Forcible Thereness

Back filming for Escape to the Country and enjoying the other headspace that being outside of London and away from psychotherapy books brings.
Walking the country mile from the station at Buxted down to the hotel I was struck by the soft, summery air and the potent forms of nettles and trees, kerbstones and hedgerows. Henry James calls it “the violet hour”. Things seem more thingy at that moment after the sun has vanished but there is still light.

It also flicked into my mind how much easier it is to be absent from the present moment in the 21st century. The invention and spread of mobile phones ( I couldn’t survive without mine ) has one very significant impact on human mindfulness. Now we have the possibility to be somewhere else, connecting to someone else, at any point in time.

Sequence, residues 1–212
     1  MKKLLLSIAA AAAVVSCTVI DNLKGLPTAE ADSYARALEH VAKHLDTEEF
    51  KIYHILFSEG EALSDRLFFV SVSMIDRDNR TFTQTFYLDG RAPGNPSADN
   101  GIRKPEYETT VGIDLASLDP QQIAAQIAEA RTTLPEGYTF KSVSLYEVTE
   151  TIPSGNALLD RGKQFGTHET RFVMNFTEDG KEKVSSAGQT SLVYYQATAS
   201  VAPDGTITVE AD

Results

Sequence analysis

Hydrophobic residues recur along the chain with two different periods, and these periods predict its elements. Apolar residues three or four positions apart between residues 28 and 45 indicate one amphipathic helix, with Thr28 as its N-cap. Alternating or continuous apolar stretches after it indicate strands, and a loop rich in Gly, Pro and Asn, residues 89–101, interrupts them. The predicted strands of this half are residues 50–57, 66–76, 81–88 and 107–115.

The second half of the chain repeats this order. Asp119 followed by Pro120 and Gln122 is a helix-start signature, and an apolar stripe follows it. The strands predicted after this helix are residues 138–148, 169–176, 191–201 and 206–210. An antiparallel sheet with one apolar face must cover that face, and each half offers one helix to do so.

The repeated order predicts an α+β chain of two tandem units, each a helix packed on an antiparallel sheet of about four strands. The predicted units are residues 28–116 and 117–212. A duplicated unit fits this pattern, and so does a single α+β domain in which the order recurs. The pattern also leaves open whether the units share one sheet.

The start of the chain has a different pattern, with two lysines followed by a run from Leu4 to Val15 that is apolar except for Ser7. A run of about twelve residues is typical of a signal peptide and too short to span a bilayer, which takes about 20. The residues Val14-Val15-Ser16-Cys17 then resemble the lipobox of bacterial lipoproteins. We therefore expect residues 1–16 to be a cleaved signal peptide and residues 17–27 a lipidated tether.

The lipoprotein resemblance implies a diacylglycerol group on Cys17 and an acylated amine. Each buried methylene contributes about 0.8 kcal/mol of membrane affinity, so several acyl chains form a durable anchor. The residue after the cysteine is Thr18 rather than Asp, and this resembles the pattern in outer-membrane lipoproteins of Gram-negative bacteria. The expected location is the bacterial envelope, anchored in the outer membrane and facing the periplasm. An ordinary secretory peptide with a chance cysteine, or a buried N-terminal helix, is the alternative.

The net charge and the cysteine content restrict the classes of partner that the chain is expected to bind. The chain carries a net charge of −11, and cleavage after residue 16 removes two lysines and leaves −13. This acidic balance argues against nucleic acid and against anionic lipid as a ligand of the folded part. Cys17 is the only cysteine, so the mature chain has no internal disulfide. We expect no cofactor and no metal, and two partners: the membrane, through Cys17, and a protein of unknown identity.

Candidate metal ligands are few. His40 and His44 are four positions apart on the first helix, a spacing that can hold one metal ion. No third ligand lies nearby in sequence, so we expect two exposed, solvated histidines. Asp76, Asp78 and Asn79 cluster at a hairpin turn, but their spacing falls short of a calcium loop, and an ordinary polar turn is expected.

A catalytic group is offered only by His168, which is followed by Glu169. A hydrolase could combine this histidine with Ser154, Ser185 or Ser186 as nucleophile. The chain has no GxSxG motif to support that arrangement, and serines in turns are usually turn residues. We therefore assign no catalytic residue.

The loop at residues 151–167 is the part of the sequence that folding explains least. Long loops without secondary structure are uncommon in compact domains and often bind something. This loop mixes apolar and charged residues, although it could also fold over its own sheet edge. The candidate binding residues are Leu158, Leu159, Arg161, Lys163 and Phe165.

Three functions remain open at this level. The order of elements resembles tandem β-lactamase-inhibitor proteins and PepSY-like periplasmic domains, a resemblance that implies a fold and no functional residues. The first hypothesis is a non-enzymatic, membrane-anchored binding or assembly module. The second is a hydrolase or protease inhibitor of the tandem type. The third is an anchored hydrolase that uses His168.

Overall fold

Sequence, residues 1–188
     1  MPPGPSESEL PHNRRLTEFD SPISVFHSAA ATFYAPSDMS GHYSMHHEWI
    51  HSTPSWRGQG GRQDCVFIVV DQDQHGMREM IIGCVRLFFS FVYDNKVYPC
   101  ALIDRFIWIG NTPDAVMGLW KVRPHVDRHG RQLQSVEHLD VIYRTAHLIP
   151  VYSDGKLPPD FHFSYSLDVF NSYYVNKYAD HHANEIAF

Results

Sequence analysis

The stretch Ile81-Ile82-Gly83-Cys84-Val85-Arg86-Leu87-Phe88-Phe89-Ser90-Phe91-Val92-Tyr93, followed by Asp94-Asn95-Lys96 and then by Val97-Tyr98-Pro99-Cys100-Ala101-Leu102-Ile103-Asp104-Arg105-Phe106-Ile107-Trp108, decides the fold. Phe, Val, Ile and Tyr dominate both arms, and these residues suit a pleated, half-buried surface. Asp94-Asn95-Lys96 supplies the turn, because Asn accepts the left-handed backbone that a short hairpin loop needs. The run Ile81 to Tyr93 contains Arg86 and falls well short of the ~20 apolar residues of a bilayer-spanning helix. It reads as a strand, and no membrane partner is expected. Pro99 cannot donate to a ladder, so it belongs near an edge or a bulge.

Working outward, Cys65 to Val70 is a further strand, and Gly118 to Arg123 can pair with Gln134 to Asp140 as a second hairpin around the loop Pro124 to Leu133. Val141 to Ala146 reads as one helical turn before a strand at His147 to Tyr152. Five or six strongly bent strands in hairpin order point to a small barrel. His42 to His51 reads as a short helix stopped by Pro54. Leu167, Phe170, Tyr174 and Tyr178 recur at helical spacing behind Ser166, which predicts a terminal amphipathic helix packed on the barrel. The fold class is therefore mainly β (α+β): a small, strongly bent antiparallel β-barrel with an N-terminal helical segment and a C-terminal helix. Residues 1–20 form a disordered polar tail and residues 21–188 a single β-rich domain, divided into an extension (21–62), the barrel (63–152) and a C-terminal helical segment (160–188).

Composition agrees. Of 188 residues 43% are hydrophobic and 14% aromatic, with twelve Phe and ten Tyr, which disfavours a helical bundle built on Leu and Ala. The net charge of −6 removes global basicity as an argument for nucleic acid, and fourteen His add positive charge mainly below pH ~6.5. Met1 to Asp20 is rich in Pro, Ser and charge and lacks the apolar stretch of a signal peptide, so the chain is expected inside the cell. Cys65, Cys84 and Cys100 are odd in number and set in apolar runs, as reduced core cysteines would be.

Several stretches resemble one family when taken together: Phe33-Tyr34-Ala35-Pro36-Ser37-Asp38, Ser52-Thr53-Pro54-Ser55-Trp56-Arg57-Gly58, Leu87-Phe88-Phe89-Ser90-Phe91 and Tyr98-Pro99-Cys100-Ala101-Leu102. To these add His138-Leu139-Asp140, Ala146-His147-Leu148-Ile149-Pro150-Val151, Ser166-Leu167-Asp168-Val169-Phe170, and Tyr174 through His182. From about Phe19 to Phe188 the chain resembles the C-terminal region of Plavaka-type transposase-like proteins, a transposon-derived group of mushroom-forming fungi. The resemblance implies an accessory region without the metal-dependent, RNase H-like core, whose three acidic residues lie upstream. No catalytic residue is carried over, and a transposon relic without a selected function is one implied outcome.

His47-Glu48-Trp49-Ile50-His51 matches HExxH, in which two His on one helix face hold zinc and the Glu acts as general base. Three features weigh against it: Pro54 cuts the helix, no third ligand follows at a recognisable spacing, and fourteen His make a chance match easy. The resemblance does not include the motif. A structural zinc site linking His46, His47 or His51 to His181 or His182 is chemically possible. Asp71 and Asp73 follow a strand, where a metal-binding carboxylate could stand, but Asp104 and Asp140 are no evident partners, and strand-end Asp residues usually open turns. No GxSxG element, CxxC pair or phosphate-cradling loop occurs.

Before mobile phones if I had been walking a country mile in the violet hour from Buxsted I would have had no other option but to walk and be present. I may well have day-dreamed the whole way, but I would not have been able to actually speak to someone, check my Facebook messages, or leave an important voicemail. There was simply not the technology to spread ourselves so vastly over space and time.
Here and now was forced onto our consciousness much more often.
As it happened, I did have phonecalls I had to make. There were people I should have been speaking to, but I decided to turn everything off and just walk – me, myself and the hedgerow.
The English countryside is in summery collapse. Midsummer is long gone, all the greenery has past it most swollen greeness. The sap is starting its 6 month retreat back into the root and things are starting to deflate, sag under the weight of their own fructificence. The insistent heat of the day is still half-alive in the slow sagginess of the vegetation and the greying form of the pavenment and tarmac. The is some lazy birdsong. It was a beautiful walk.

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